Hayne recommendations ‘lack clarity and understanding’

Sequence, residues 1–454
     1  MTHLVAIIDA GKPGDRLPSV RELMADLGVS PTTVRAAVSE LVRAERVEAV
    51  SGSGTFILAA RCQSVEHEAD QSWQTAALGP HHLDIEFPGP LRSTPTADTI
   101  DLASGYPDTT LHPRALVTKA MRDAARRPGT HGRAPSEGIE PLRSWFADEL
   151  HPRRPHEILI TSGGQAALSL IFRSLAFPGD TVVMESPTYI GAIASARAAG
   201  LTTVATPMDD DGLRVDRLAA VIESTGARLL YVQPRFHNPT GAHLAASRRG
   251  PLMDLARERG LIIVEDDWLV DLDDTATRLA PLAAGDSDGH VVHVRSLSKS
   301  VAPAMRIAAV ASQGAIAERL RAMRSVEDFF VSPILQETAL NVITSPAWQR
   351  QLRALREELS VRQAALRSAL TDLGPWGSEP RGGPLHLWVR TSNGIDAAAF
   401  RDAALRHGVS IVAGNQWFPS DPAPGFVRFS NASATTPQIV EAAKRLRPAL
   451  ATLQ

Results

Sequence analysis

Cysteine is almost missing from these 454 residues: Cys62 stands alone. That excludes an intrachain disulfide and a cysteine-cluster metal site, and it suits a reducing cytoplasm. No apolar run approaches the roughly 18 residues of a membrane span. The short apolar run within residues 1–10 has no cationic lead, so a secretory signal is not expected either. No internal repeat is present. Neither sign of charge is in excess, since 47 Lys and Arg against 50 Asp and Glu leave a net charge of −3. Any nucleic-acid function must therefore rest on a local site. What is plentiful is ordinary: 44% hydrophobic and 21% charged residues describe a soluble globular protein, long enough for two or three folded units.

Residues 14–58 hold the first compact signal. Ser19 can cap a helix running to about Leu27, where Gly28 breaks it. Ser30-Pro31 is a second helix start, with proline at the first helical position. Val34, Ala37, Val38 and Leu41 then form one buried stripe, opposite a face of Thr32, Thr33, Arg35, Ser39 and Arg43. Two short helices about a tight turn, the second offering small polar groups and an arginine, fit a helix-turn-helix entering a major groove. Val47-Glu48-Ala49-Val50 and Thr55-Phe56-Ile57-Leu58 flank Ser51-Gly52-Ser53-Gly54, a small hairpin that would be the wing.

A “raft of regulatory change” will sweep through financial services following the Hayne royal commission, the Insurance Council of Australia (ICA) warns. Reforms will be “game-changing”, but implementing them will be challenging due to a lack of clarity and understanding, CEO Rob Whelan told last night’s ICA Annual Dinner in Sydney. “In some respects the recommendations are less than clear in their intent,” he said. “And there are the interaction effects between recommendations, existing law and prospective legislation – not all of which are fully understood. “Nevertheless we must adapt to these changes and implement in a way that ensures the industry remains efficient, competitive and delivering positive consumer outcomes.” ICA is currently reviewing the General Insurance Code of Practice, with a draft code presented to its board this week. Mr Whelan believes the revised code will be critical to the industry’s future. “Accommodating the needs of a diverse community and the demands for greater accountability through enforcement has put considerable strains on the development of a new code,” he said. “Balancing flexibility and principled intentions that Hayne considered essential in a code, with the hard-wired legally enforceable commitments he also required, is a challenge. “Difficult as it may be, we must strike that balance to ensure the code delivers the enhanced consumer focus that will continue to drive our industry forward.” Mr Whelan reflects on this summer’s natural disasters, including the “extraordinary flooding” that hit the north Queensland city of Townsville. “The industry response to this disaster was outstanding,” he said. “Assessors and claims staff were deployed as soon as access was available and quickly after there were emergency payments made and repairs begun.” Mr Whelan says “regrettably”, despite living on a flood plain, some businesses and residents did not take out flood cover. “[This] continues to be a challenge for the industry to build awareness of the very real and growing risks of extreme weather,” he said.